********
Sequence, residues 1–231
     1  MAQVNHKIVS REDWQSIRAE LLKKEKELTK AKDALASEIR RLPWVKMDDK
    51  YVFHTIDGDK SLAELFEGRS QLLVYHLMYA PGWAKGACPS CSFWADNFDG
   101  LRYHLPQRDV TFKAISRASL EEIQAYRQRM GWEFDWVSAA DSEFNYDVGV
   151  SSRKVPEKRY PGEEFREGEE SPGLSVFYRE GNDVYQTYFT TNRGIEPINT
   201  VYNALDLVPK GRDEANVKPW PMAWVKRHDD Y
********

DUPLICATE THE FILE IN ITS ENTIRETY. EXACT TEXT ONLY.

Sequence, residues 1–231
     1  MAQVNHKIVS REDWQSIRAE LLKKEKELTK AKDALASEIR RLPWVKMDDK
    51  YVFHTIDGDK SLAELFEGRS QLLVYHLMYA PGWAKGACPS CSFWADNFDG
   101  LRYHLPQRDV TFKAISRASL EEIQAYRQRM GWEFDWVSAA DSEFNYDVGV
   151  SSRKVPEKRY PGEEFREGEE SPGLSVFYRE GNDVYQTYFT TNRGIEPINT
   201  VYNALDLVPK GRDEANVKPW PMAWVKRHDD Y